In exploring the reasons why women are not proportionally represented in the upper ranks of business (the “pyramid problem”), some have pointed to women themselves. They note that women can be catty, sabotage each other or simply not extend a hand to other women through mentoring. The metaphor of the “Queen Bee” is often used to describe women who prefer being the only woman at the top and have little interest in having other women join them there.
A recent Catalyst report characterizes the Queen Bee as a myth and concludes that women generally support and mentor other women—and benefit from doing so. This optimistic report, though, acknowledges that all women are not “paying it forward.” Let’s examine the phenomenon a bit so we can help stamp out what’s left of this phenomenon—and make the Queen Bee extinct! Gender diversity in leadership is good for business. And women won’t reach the upper ranks of business in sufficient numbers to deliver the upsides without the full support of their own.
In my book, I devote an entire appendix to the topic of women working with women. I celebrate the positive side—that women support and champion each other. And I try to shed light on the negative side—which includes “Queen Bees” behavior. Shedding light on causes of this behavior among women in the workplace is meant to help those remaining Queen Bees become self-aware, change their behaviors and support other women.
What is a Queen Bee? Queen Bees claim more affinity with men than women and distance themselves from other women. They say things like, “I prefer working with men.” They see themselves as “special” and enjoy the honor of being the first or only woman at an upper level of the organizational hierarchy. Having reached it, they pull up the ladder behind them, maintaining that honor by withholding support for other women. Often a Queen Bee got to her position without having women role models or mentors. Rather than reach out a hand to help other women, she figures other women can make a solo climb, too.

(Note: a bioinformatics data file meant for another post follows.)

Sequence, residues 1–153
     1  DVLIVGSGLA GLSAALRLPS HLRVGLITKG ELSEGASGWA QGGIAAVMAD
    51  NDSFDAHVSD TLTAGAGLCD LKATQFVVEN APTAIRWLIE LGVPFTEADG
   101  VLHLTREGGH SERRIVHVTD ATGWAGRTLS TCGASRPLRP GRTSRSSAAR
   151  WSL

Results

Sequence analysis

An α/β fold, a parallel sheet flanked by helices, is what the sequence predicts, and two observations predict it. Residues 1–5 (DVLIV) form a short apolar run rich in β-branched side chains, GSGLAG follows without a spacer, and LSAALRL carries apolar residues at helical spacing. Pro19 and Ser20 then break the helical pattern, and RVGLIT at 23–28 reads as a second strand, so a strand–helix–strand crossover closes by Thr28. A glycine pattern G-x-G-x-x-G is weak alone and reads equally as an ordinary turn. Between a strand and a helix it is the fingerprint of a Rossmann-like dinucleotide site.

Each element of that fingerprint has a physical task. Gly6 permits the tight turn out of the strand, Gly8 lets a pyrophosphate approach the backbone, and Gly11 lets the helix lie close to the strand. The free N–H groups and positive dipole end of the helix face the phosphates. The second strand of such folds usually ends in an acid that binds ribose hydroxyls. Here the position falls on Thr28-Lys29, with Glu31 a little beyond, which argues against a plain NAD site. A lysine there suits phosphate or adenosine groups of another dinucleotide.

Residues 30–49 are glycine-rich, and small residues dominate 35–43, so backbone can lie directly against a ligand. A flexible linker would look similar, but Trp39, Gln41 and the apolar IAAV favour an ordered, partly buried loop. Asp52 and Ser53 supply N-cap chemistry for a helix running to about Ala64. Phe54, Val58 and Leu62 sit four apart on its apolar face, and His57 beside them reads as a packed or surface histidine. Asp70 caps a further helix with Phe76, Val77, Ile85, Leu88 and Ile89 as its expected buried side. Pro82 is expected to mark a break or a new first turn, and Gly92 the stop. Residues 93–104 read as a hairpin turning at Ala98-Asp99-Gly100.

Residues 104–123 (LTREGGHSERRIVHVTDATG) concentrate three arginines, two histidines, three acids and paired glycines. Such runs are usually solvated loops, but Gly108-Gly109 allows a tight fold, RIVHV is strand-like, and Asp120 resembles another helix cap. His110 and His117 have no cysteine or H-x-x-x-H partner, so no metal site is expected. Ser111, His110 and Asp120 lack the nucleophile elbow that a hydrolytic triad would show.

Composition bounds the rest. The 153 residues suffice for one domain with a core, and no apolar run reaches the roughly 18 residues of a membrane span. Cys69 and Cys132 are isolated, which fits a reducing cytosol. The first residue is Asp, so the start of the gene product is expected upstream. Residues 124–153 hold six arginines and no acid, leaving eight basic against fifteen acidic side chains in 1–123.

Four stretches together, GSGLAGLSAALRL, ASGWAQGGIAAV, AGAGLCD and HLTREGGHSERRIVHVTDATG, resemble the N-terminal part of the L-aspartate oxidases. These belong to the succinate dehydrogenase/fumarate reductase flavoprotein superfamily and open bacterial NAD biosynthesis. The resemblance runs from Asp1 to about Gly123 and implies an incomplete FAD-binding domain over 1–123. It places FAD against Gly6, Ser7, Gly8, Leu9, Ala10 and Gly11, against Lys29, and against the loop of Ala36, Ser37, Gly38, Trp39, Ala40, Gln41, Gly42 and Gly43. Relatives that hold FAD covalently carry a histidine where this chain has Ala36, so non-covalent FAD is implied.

Why would women do this? One study suggested that, when there are very few women at the executive level, they get compared to one another, leading to competition; it concluded that women in leadership want to avoid being seen as favoring women (and overcompensate?). A 2009 article titled “Backlash: Women Bullying Women at Work” concluded that, while men are equal opportunity saboteurs, cutting down both men and women, women are more likely to sabotage and bully other women at work (perhaps because they are more vulnerable targets?).
I think that Queen Bees are generally simply unaware. They are one of the first women to succeed and may simply not have thought about the benefit of having more women at the leadership level–and their own role in helping other women get there. Or they may simply be juggling work and family and not recognize the importance of making time to get to know, mentor and sponsor other women. They may not know the business value of gender diversity in leadership. They may not know the strengths of feminine as well as masculine ways of working.
I am delighted to see evidence of the decline in the Queen Bee population. May the focus on this issue and awareness of their own unconscious behavior convert them all to champions for qualified women! Businesses will thank them for helping capture the upsides of gender diversity in leadership.